Why you need a customer returns policy for your e-commerce store.

Enacting a clear customer returns policy is an easy win for your e-commerce business.

The holidays are nearly upon us. That means a busy time for retailers—and a subsequent uptick in their customer returns. This begs an important question for almost every e-commerce business: are you equipped to handle it?

I’ve had to return two purchases in the last month: one to Amazon (they sent me the wrong edition of a book), and the other to a clothing retailer (the clothes didn’t fit). I also recently had to make a complaint to my favorite online fabric store because inaccurate information on their site lead me to purchase the wrong amount of fabric. Each of these exchanges went well for me, but they also reinforced my belief in clear and painless returns policies.

Most e-commerce stores understand the importance of a clear returns policy. In fact, free and easy returns are the lifeblood of almost every online interaction. Without the opportunity to hold the item in our hands before purchase, most of us would be too anxious to buy otherwise.

And yet, we still encounter some stores that struggle to make their returns process as straightforward as customers might like. Whether this steps from a mistrust of the customer (they fear being scammed), difficulties with managing the returns process (adjusting stock, communication between online and brick-and-mortar locations), or simple lack of prioritization (“we’ve survived without it so far!”), here are three reasons why it’s time to straighten out your customer returns policy.

1. Your customers expect it.

What do you think of a store that says “no returns?” In the days before e-commerce, no-returns (or conditional returns) policies had some sense to them (even if it still wasn’t the best policy). But for any business that expects customers to purchase a product sight unseen, “no returns” is an unreasonable position.

There are some obvious exceptions. Most of us understand that customized items, perishable goods, and sale items cannot be returned. And for obvious reasons: custom orders can’t easily be resold to anyone but the original buyer; perishable or consumable items could have been tampered with; we’re only offered the lower price on sale items so that stores can clear those items from their stock.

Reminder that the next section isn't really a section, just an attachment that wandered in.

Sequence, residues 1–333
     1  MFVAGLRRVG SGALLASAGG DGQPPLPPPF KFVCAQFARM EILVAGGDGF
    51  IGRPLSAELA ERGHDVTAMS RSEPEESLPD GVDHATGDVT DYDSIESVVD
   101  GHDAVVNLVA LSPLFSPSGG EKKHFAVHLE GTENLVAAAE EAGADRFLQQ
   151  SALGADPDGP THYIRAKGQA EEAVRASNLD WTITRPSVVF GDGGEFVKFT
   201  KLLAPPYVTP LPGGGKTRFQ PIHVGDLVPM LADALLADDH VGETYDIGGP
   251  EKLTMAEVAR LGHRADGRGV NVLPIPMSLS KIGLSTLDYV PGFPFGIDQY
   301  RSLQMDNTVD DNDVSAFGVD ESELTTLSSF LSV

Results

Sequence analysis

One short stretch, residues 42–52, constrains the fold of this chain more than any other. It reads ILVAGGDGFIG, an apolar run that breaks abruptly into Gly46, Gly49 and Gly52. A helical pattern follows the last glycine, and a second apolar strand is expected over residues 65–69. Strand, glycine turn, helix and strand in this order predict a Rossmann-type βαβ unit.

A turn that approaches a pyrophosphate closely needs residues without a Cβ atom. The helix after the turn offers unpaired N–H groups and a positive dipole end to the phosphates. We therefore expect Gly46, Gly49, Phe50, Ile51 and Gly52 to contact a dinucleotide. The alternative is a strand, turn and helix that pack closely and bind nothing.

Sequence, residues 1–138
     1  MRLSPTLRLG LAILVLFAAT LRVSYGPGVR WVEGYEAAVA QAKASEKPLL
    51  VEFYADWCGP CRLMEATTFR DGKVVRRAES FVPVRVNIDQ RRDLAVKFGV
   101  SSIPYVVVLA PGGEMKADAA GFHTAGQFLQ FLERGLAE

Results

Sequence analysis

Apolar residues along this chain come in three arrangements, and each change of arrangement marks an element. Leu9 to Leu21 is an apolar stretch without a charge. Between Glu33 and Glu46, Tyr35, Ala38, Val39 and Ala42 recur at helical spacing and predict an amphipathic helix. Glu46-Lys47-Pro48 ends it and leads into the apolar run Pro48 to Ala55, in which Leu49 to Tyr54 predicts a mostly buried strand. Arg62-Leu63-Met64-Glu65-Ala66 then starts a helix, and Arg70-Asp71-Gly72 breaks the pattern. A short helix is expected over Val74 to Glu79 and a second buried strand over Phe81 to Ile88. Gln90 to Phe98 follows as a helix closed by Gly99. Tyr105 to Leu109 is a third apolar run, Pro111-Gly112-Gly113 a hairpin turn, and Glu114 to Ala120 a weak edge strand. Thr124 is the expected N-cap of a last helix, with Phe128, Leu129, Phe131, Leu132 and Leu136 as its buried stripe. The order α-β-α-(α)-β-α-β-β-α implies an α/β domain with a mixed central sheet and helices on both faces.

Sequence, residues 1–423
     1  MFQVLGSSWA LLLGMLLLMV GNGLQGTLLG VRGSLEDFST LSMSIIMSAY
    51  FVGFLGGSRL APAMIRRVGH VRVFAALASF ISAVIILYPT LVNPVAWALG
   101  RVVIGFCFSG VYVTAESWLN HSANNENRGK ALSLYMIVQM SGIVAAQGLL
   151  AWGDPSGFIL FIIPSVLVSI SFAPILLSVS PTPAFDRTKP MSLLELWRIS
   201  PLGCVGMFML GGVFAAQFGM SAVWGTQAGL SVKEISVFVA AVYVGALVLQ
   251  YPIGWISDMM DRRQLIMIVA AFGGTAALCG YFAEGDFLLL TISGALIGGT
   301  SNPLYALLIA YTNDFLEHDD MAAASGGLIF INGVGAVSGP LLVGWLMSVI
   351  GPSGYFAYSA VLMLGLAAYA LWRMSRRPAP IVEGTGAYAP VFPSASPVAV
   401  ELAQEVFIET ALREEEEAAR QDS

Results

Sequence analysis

But unless your item falls under those categories, you’ll need to provide a pretty clear reason why you won’t accept returns… or you’ll have to accept returns.

2. It builds trust.

After spending so much time taking about customer expectations, let me ask you: when was the last time you looked at a customer returns policy before making a purchase?

If you’re like me, you probably haven’t checked in a while. Your expectations are so set in stone, that you blithely believe that e-commerce stores will offer full refunds with paid shipping on all orders, no questions asked.

Now, imagine your reaction if, after making such a purchase, you were to discover that the store didn’t accept returns? Would you ever shop there again?

I wouldn’t. I bet you wouldn’t, either. So if you don’t offer a good customer returns policy, why would you expect your customers to come back to you?

3. It lowers the barrier-to-entry.

I’ve been a loyal Audible listener for several years. One of my favorite aspects of their service is the easy convenience of returning books I didn’t like. While I used to horde my credits for fear of wasting one on a bad title, now I’m much happier to make a purchase. And because this keeps me happy with my service, it makes me far less likely to cancel.

The same is true for almost every online store—particularly clothing retailers. Most of us have far too much experience trying on clothes we thought would be perfect only to be disappointed by their unflattering appearance. If this happens to us while shopping in-store, how much warier would we be of making a purchase online without the chance to try our purchases on?

This is where a returns policy can save an e-commerce business. Not only are customers more likely to purchase something they’re reasonably certain will fit, they’re also more comfortable taking a chance on an item. They may send it back, but they also expect to be able to send it back.

Yes, we know we’re making this sound easier than it is.

Returns are a pain. I know it, you know it—heck, even your customer knows it. Very few people order a product online (where, let’s remember, doorstep delivery is a key benefit) just for the sheer joy of making an extra trip to the post office to take their product back.

If your customer wants to return your product, you’re already in an awkward situation because they’re dissatisfied. Your only hope of repairing that relationship and retaining that customer is by making the returns process as clear and straightforward as possible.

Is it inconvenient for you? Yes. It’s even more inconvenient for your customer.

Does it cost you money? Yes. But it will cost your customer money if you don’t take it back.

Do you suspect your customers take advantage of it? They might. But it also lowers the barrier to entry, making it easier for them to become your customers in the first place.

And remember, if they order from you once, it gives you an excellent chance to continue marketing to them in the future.

The holiday season can make or break retailers. But for e-commerce, if you don’t have a satisfactory customer returns policy, you could be losing out on business during this vital sales season. Make sure you’re ready before the rush hits.

Published 11/07/17 by Laura Lynch